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The Noise of Time

3.74  ·  Rating details ·  20,583 ratings  ·  2,176 reviews
A compact masterpiece dedicated to the Russian composer Dmitri Shostakovich: Julian Barnes’s first novel since his best-selling, Man Booker Prize–winning The Sense of an Ending.

In 1936, Shostakovitch, just thirty, fears for his livelihood and his life. Stalin, hitherto a distant figure, has taken a sudden interest in his work and denounced his latest opera. Now, certain h
Hardcover, 1st edition, 184 pages
Published January 28th 2016 by Jonathan Cape
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Marianna This book is written in the rhythms of Shostakovitch's music. If you let the waves of music sweep over you, you'll get the rhythm and appreciate the b…moreThis book is written in the rhythms of Shostakovitch's music. If you let the waves of music sweep over you, you'll get the rhythm and appreciate the book. It is beautifully written, but requires some background knowledge of the Stalinist era in the Soviet Union (perhaps that's what's holding you back from loving this book). (less)
Ghita That's actually one of the things I like about the book: he mentions things that are only picked up much later. Feels like echoes traveling through th…moreThat's actually one of the things I like about the book: he mentions things that are only picked up much later. Feels like echoes traveling through the book. (less)

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Elyse  Walters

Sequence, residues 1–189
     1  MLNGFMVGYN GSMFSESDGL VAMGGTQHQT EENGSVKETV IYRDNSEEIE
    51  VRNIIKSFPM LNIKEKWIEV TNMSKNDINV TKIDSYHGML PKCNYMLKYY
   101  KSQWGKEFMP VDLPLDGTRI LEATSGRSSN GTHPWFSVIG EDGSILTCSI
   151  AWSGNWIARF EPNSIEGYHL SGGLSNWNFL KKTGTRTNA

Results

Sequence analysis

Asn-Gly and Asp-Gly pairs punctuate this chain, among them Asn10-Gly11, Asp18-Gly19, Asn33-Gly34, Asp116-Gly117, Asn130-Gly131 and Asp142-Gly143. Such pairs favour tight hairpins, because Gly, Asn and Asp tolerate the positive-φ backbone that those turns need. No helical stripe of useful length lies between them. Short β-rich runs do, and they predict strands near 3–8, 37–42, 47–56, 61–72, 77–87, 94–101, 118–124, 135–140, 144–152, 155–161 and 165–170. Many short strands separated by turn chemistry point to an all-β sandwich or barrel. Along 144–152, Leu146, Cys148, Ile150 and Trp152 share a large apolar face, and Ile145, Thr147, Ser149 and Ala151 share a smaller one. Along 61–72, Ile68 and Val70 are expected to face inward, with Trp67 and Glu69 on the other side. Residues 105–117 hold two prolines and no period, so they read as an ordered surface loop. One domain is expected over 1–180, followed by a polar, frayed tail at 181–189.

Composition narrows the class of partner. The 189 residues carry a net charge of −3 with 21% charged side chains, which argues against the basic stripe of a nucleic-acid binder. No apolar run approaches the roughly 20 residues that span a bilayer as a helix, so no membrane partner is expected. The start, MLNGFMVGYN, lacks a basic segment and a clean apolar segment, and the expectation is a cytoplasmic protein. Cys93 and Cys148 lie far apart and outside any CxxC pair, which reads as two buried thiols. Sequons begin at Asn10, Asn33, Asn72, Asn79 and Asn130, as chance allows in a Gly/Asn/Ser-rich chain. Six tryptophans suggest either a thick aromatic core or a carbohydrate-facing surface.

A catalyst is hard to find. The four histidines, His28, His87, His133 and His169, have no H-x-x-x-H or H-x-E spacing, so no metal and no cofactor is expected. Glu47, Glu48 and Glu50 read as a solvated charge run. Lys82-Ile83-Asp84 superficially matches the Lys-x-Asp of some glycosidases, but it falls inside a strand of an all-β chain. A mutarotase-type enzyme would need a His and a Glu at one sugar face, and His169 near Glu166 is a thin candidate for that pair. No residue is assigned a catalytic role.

Having recently read "Do Not Say We Have Nothing", by Madeleine Thien where music came alive for me during heartbreaking times.....I naturally grabbed "The Noise of Time" to read next, ( which I've been wanting to read for some time anyway),......thinking I'd like to experience more music and art appreciation during turbulent times....and learn about a composer I knew next to nothing.
plus .....
I enjoyed Julian Barnes "The Sense of Ending".

Demitri Shostakovich- the great Russian Composer of the
Dec 14, 2017 rated it it was amazing  ·  review of another edition
I am inherently drawn to Russian literature or even books set in Russia written by non Russian authors. Perhaps, it is because the majority of my ancestors come from Russia, but, regardless of the reason, I devour most Russo-centric books that I read. As I have read through my goodreads friends year end reviews, I came across The Noise of Time by Julian Barnes, a novella based on the life of famed composer Dmitri Shostakovich. Having read Do Not Say We Have Nothing by Madeleine Thien earlier thi ...more
Violet wells
Mar 19, 2017 rated it really liked it
A bit unfair but there were times when I couldn’t help wishing Milan Kundera in his prime had written this and not Julian Barnes. Just for that extra bit of zest and wit and daring of which Kundera is renowned and the rather dry and self-conscious Barnes isn’t.

Not that this isn’t a good novel. It’s very elegantly structured, intelligent and it makes you think a lot about its pervasive themes - courage and conscience and compromise. And it shows not only the enforced humiliations and blanketing
Jan 17, 2017 rated it really liked it

Here I am listening to Shostakovich First Piano Concerto and wondering about Julian Barnes latest novel (?) biography (?). Throughout my reading I was asking myself why had he written this book. I know his interest in classical music. In his The Lemon Table, Vigilance in my favorite short story. It takes place during a concert in which Shostakovich’s music is played. Barnes has also dealt with ‘real people’ in Arthur & George in a highly successful fictional recreation of Sir Arthur Conan Doyle,